I wouldn't be reading much into that blog post without knowing a lot more about Schwartz'es mindset at the time.

        Sunny Guy
        SunnyGuy53
      • RE: Sun CEO explicitly endorsed Java's use in Android: What do you say now Oracle?

        Oh Oracle, now you've got egg on your face. When Sun and Google were chillin back in the day, they were both cool about the Java thing. This should really impact the law suite.
        <a href="http://www.organizatuboda.mx">Bodas</a>
        user202
    • Agree a blog entry is not license agreement, so this will not help Google

      @William Pharaoh
      DDERSSS
      • RE: Sun CEO explicitly endorsed Java's use in Android: What do you say now Oracle?

        @DeRSSS
        The CEO word is as strong as a license agreement especially when it is in writing and public!
        Linux Geek
      • For better or for worse, no; or else many CEOs would be in jail already, ..

        @Linux Geek: ... prosecuted by SEC or judged for whatever they have said. Written signed license agreement is the only thing that actually matters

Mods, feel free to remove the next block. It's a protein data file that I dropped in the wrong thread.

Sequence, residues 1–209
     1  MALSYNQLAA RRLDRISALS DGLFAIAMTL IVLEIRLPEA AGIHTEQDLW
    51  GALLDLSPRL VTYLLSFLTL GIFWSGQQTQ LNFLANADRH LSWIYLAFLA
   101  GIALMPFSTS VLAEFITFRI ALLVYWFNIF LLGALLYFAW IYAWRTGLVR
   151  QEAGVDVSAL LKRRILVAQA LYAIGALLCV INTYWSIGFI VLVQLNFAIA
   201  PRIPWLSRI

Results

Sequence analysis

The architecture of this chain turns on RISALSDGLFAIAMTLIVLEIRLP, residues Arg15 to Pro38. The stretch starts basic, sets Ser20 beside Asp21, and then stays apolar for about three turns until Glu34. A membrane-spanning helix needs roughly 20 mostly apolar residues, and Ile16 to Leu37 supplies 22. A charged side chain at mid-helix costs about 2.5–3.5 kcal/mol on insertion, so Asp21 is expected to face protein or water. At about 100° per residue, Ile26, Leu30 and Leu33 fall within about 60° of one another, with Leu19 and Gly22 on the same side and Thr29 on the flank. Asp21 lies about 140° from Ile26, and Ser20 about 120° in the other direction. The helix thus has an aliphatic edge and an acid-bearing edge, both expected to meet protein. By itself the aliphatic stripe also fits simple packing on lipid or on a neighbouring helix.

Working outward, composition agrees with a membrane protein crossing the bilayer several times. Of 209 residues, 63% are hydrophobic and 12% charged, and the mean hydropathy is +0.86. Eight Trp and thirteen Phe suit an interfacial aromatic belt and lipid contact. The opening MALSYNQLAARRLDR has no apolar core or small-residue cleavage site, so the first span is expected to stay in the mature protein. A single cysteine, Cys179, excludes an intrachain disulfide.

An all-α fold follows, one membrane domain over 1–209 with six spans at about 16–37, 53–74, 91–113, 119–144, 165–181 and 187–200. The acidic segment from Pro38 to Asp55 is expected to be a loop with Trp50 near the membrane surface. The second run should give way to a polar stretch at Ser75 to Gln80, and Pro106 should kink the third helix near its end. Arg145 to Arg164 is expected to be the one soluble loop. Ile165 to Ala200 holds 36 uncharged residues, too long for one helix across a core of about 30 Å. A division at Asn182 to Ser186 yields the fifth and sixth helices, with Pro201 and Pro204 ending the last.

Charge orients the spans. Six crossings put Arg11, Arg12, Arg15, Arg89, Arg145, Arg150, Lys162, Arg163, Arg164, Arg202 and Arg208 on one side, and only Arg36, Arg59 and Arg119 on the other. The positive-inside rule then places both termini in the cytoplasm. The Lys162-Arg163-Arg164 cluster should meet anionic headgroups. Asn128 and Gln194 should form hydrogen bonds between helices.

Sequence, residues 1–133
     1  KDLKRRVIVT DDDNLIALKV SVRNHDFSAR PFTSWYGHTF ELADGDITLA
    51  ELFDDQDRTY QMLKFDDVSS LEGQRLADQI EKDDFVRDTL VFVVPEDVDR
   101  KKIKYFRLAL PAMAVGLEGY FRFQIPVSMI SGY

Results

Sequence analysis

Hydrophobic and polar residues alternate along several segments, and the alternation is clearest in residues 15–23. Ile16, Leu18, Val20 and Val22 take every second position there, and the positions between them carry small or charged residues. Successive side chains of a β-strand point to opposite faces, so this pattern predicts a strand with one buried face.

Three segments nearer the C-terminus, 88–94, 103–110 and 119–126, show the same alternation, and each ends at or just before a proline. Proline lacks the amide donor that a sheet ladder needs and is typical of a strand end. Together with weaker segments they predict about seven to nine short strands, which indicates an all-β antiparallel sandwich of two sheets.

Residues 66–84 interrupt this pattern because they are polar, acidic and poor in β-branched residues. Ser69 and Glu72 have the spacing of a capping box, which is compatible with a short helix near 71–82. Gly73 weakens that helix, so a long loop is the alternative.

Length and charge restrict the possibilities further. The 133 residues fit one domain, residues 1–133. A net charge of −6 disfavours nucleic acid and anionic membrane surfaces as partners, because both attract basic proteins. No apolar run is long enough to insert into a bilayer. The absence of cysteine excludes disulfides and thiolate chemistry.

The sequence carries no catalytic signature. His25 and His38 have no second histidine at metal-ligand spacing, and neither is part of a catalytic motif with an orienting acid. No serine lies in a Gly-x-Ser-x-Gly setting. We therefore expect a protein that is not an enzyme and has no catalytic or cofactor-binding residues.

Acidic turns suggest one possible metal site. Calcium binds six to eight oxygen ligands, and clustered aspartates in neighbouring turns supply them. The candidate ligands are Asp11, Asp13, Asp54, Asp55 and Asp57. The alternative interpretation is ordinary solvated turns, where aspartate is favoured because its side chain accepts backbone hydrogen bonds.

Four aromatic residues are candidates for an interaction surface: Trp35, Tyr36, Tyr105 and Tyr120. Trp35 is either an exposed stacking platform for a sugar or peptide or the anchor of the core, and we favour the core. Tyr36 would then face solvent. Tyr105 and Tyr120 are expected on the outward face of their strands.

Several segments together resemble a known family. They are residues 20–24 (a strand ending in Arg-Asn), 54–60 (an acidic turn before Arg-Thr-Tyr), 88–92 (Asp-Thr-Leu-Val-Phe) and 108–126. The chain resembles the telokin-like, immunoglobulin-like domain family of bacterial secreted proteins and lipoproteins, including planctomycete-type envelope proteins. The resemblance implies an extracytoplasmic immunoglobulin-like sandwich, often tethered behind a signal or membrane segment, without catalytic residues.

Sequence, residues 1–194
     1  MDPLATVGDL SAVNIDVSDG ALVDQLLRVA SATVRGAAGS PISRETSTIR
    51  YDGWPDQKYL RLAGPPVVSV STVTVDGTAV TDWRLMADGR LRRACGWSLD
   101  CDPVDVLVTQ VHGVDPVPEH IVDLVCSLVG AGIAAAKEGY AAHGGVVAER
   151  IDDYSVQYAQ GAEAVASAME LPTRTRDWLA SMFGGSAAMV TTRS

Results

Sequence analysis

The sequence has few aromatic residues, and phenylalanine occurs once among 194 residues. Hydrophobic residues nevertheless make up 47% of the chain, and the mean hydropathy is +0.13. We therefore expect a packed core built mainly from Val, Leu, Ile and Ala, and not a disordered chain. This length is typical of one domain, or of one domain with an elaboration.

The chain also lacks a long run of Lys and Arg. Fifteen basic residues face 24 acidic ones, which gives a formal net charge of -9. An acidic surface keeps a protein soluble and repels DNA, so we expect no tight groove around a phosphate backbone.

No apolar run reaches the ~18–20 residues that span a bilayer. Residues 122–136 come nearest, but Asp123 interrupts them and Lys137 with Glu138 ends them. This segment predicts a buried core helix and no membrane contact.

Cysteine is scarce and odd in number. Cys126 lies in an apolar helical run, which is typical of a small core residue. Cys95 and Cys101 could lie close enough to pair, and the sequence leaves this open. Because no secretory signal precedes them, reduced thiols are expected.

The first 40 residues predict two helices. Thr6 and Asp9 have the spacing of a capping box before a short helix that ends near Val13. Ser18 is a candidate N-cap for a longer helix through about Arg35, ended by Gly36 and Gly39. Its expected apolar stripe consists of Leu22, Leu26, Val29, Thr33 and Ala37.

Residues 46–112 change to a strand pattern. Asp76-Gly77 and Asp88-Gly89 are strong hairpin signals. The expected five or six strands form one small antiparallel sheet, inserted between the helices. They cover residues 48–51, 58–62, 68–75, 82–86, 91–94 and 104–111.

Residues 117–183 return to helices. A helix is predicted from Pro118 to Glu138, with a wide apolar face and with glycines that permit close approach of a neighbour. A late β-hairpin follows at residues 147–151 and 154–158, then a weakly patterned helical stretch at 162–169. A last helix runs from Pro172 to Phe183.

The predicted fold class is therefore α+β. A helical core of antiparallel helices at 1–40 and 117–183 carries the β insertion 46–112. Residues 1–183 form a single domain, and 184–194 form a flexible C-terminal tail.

DDERSSS
      • RE: Sun CEO explicitly endorsed Java's use in Android: What do you say now Oracle?

        @DeRSSS
        that's written on the blog! so it's official.
        Linux Geek
      • RE: Sun CEO explicitly endorsed Java's use in Android: What do you say now Oracle?

        @Linux Geek
        If official blog becomes licensed and signed agreement then it changes a lot of things in the world. Interesting outcomes will be out for future and some may sound easy for FOSS, but really big ones can screw it totally. It will become two sided knife. I personally feel then Sun CEO misused his powers by writing such a blog, he just defeated the board and shareholders of then Sun Micro.
        Ram U
      • Going forward and backwards two different things